Catchy presentation titles are important when you begin to design a great presentation. Your audience will determine whether your presentation is worthy of their time almost instantly. In most cases, they make that determination based entirely on the title of the speech. In this session, I'm going to show you a quick and easy way to come up with a great title for your presentation. If you do this well, it will actually make your audience want to pay attention to your speech. I always say in class, "If you start with a great title, the presentation almost writes itself."
Think about the last time you went to a conference that has multiple breakout sessions going at the same time. If you are like most people, you first scanned the list of titles. Almost instantly, you eliminated a few based solely on the topic or title. The titles that you looked at created an impression of the speech. Once you narrowed down your choices, only then do you move on to the description, etc. In that instant where you were scanning the titles, though, you probably had this inner monologue going. "Hhhmmmm... Nope. Not worth my time. Nope. Sounds boring. Nope. That one is unrelated to anything of interest to me. Aaahhh... That one might be okay."
One of the real, closely-held, public speaking secrets is that every audience member has this inner monologue. This inner monologue occurs before every single meeting and every single presentation that we attend. In most cases, just as when we looked at the breakout session list, the answer we receive is, "Nope. This seems like a waste of my time."
Here are a few titles that tell the audience that your presentation will be a snoozefest.
First, your title has to tell your audience exactly what you will be covering. It can't be vague or generic. Each of the titles above violates this rule. What happened in the quarter? For that matter, which quarter? The term financials is also vague. What specific financials are we talking about? In addition to boring the audience at the onset, a vague title has a much bigger problem. The title causes the speaker to cover way too much content.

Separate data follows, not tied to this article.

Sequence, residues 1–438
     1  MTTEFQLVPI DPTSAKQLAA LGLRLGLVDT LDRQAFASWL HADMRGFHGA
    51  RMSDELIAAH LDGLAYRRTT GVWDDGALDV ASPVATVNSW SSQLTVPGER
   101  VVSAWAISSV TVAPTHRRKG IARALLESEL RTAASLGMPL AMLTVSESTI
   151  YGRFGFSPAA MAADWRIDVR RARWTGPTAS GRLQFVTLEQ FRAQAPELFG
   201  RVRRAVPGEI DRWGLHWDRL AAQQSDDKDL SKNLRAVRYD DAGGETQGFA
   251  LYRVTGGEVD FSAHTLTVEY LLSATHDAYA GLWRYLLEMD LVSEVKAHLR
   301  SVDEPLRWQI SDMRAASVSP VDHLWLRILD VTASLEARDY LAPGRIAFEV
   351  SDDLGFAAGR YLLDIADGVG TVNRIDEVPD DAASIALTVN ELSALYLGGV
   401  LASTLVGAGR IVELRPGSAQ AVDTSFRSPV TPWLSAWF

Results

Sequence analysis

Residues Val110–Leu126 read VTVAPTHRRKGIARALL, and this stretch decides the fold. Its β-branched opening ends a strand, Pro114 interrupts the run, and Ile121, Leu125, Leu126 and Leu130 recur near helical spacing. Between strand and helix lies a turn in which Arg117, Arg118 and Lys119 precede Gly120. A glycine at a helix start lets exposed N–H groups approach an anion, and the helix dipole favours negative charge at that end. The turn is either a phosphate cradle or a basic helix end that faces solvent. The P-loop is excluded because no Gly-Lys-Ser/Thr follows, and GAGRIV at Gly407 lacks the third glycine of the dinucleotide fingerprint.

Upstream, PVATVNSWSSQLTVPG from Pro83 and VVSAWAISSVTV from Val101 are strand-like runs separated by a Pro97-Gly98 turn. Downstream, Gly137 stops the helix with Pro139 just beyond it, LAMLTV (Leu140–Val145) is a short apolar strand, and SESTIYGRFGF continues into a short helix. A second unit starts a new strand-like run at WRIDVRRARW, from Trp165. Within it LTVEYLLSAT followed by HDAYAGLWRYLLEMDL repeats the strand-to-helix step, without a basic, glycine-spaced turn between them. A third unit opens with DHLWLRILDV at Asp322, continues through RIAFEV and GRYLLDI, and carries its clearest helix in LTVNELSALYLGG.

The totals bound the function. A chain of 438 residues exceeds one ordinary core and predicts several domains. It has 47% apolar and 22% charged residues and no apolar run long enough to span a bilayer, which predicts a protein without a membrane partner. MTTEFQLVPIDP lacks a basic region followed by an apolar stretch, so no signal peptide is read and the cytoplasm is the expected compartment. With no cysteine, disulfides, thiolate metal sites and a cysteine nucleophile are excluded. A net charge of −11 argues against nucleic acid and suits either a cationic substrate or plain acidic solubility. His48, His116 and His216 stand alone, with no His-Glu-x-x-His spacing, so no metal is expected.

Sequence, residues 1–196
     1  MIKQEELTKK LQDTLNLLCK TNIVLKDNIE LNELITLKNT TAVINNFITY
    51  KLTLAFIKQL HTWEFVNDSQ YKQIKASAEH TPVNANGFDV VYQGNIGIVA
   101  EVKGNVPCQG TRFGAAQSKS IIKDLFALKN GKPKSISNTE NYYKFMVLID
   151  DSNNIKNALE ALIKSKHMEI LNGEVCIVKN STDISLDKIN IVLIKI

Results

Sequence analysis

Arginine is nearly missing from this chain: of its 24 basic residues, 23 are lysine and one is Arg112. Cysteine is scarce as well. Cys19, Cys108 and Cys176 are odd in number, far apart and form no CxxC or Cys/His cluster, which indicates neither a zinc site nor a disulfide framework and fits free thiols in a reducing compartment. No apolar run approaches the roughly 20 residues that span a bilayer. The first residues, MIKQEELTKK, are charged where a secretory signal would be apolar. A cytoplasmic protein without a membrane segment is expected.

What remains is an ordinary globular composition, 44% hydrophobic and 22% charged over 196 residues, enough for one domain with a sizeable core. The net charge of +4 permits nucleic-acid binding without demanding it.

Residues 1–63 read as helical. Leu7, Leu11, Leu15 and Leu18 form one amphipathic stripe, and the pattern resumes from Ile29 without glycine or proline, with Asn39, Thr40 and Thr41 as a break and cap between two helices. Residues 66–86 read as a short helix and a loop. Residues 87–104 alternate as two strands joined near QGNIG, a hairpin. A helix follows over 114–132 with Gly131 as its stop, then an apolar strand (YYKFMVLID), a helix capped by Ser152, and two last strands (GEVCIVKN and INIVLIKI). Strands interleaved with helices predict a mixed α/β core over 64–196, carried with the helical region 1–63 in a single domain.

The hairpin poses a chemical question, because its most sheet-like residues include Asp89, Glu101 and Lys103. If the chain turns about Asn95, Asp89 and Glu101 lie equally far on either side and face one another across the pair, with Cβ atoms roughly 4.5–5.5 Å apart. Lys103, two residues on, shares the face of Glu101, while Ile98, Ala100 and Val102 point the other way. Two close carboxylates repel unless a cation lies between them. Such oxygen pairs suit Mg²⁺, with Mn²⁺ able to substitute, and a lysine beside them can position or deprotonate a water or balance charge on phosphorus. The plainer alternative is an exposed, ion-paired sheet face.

Second, catchy presentation titles will focus on what the audience wants from the presentation. If your title specifically tells the audience why they need to hear it, it is probably a good, catchy title for your presentation.
It is our job as the presentation designer (or deliverer) to make people want to pay attention to us. If you start with a great title, you are more likely to accomplish this task.
Follow this step-by-step approach, and your audience will want to hear you speak.
Step number one is to turn your idea into a complete sentence. Your first iteration of a title should have a subject, a verb, adjectives, and adverbs. When most presenters start creating their presentations, they often use sentence fragments as a way to remember what they want to cover. These are presenter cheat-notes. They aren't very helpful to the audience, though. Instead, your title (and your bullet points) should be really easy for the audience to read and understand.
For instance, the titles above would change to the following:
Just by forcing yourself to make your title into a complete sentence, you will narrow the topic down dramatically. If you look at the difference between the first list and the second, the second is more interesting already.
Step number two is to identify the "why." A good way to do this is to read out loud the sentence that you just created. Then ask yourself, "If I were sitting in the audience, why would I care about this? What is in this for me?" By the way, if the answers to those questions are, "I wouldn't," and "Not much," then cancel your speech. You are really just wasting everyone's time.
However, for the sentences above, the following might be good answers:
Although we like to think that department heads care deeply about company revenue and profit, in reality, most of us are pretty self-centered. However, the department heads care very deeply about their bonuses. Outside of the tech folks, no one really cares about website security. However, if a company has a data breach, the entire company will have new challenges to deal with.
Now that you have the two pieces, just put them together. When you do, you will create a series of catchy presentation titles.
Maybe these presentation titles aren't perfect, but you have to admit, they are dramatically better, now.
Originally, we had, "Quarterly Financial Report." We ended up with, We Exceeded Our Corporate Goals and Increased Profit Last Quarter, So Your Quarterly Bonus Has Also Increased." Which would you rather sit through? Guess what? Your audience thinks the same way. So, if you want to catch the attention of your audience right away, realize that catch presentation titles can help.